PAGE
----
Within Session Changes, Manual Therapy, and Outcomes

Cook CE et al. Can a within/between session change in pain during reassessment predict outcome using a manual therapy intervention in patients with mechanical low back pain? Manual Therapy 2012
  • Within manual therapy interventions, there are within-session changes (improvement in pain and/or ROM that occurs within the same treatment visit), and between-session changes (changes that carry over to subsequent visits).
  • the extent of change that is necessary for clinical relevance, specifically with association to long-term improvement in report of function in pts who demonstrate a concurrent within/between-session change has yet to be investigated.
  • The first objective was to determine if within/between session changes were significantly associated with functional outcomes, pain, and self-report of recovery in pts treated for low back pain. The second objective was to determine the extent of change needed for a within/between session change with association to function.
  • The RCT employed investigated the use of both thrust and non-thrust manipulation on a population of pts w/ LBP. Both groups received a standard evaluation and then one of the two forms of manual therapy. The treatments used were meant to reflect a "real world" treatment environment in order to enhance external validity.
  • Participants in the study were from 14 different outpatient physical therapy clinics aged 18 yrs or older with mechanically reproducible LBP. Inclusion criteria included a within-session change in pain or ROM during the manual therapy assessment phase, specifically, passive accessory mobility testing.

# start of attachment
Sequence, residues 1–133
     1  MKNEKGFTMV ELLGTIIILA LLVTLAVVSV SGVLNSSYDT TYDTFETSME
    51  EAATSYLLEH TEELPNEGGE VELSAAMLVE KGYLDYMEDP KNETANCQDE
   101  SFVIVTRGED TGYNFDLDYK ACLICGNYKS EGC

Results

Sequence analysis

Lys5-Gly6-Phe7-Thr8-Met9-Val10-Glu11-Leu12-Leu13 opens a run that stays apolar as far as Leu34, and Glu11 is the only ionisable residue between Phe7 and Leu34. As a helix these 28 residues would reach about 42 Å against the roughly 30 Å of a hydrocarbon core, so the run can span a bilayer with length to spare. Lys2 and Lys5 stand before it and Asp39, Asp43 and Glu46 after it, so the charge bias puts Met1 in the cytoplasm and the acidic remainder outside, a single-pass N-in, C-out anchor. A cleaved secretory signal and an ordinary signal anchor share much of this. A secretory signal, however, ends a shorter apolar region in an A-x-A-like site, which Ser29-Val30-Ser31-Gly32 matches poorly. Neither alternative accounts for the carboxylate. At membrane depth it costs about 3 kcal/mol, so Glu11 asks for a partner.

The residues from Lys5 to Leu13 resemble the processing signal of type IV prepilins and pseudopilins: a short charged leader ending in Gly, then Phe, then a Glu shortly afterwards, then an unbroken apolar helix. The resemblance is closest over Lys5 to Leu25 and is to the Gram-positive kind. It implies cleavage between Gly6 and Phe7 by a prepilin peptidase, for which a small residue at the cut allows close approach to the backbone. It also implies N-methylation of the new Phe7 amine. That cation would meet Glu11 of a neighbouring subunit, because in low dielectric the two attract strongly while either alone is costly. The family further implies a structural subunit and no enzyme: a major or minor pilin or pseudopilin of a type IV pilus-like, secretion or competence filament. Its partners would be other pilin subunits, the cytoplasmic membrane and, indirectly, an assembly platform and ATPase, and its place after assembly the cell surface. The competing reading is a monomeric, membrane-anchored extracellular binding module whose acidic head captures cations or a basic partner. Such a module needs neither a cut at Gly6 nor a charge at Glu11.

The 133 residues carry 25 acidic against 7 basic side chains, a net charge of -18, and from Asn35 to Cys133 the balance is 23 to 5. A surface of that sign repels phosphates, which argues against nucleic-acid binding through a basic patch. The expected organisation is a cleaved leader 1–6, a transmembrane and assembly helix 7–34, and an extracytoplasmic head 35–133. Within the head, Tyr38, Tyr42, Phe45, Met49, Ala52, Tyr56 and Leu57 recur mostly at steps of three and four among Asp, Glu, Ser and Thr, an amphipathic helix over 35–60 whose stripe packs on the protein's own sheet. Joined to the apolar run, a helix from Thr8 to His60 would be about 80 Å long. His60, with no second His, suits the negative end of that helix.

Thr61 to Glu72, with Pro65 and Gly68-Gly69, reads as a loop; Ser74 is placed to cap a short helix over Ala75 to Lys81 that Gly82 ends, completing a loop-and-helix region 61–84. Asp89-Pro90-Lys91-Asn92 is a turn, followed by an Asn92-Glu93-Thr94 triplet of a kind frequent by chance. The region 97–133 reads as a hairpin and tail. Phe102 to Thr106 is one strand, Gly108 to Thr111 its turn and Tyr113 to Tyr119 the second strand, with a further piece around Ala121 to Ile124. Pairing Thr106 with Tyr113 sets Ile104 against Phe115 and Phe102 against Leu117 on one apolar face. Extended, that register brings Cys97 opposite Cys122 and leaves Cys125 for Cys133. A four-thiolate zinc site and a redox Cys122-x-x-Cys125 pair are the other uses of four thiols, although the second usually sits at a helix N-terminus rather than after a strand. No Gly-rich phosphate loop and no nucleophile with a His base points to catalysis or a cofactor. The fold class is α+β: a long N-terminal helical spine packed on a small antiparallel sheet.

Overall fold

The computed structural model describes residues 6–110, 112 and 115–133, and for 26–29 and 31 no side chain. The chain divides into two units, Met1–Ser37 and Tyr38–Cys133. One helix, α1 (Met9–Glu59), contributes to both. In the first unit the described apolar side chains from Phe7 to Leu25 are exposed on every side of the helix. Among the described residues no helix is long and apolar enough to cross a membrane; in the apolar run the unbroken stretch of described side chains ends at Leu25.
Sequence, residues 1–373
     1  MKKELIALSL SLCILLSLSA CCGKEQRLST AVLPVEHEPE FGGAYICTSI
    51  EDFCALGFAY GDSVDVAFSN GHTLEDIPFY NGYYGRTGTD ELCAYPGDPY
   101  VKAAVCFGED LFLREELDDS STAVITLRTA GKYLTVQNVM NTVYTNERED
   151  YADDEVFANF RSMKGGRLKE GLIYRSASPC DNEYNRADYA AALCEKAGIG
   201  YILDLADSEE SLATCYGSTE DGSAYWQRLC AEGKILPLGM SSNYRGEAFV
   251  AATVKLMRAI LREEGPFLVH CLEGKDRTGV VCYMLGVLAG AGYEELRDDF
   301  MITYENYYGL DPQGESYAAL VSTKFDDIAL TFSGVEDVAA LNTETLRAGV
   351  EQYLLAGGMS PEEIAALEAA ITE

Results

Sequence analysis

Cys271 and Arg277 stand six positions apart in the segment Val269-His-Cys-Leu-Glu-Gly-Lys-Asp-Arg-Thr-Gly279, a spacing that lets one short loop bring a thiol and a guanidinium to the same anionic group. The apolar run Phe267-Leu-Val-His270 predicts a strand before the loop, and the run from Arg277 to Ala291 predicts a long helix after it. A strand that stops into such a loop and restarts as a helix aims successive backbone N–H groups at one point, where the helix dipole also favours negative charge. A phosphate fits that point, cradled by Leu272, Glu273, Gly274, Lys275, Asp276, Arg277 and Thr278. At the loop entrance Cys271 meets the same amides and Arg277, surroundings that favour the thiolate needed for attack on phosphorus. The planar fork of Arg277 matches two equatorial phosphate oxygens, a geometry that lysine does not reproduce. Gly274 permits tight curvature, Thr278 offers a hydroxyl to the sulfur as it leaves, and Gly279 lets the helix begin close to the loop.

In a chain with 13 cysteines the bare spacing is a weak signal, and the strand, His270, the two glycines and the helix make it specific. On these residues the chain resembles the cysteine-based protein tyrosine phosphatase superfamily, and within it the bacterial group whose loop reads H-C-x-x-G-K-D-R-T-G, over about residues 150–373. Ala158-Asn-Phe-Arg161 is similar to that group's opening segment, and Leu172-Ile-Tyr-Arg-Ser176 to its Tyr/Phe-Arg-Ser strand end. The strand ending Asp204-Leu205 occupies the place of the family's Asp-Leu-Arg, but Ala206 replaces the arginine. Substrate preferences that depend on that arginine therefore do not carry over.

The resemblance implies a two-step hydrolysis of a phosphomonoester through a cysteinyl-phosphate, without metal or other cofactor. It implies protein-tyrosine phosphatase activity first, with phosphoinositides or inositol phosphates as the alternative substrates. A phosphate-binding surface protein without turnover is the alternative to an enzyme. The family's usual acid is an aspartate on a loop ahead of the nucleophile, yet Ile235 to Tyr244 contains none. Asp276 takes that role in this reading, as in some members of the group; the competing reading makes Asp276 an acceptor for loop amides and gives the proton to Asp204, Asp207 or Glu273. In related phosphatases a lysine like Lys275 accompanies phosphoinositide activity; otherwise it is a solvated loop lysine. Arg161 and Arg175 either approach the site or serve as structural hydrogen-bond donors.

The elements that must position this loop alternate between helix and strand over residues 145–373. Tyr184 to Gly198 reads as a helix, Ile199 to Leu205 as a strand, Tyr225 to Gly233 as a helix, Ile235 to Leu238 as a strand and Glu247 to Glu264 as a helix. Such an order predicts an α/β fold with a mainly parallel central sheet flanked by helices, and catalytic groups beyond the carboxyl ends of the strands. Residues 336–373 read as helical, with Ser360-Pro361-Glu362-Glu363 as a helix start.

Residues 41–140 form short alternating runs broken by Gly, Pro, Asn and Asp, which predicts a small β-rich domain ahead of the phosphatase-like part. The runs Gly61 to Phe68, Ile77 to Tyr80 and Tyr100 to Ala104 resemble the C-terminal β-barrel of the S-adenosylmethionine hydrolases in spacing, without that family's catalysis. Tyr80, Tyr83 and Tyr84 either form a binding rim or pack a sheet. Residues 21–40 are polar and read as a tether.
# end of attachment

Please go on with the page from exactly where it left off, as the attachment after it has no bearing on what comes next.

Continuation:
• All pts were treated by 14 physical therapists all with extensive manual therapy training and experience who had also undergone standardized training specific for this RCT. The standardized manual therapy evaluation required a comparable response by the pt of their chief complaint of symptoms with either central or unilateral p-a mobilization.
  • Pts were then randomized to receive either only thrust or non-thrust manipulation for the first two visits along with a standardized home exercise program. In order to replicate actual clinical practice, the treating clinician was able to select the technique for either thrust or non-thrust manipulation that they felt would most benefit the pt. The technique was not directed to a pre-selected level, but rather to the level identified by the therapist as producing the pts symptoms.
  • Within/between session findings were significantly associated with pain change but not perceived rate of recovery. A within/between session report of pain reduction of 2 points or greater was associated with a > 50% reduction on the ODI.
  • The findings in this study suggest that within/between session changes is significantly associated with improvement in function is is different to that of prior research in this area. One reason for this may be that this study employed a consecutive within/between session change model whereas other studies have only used either one or the other.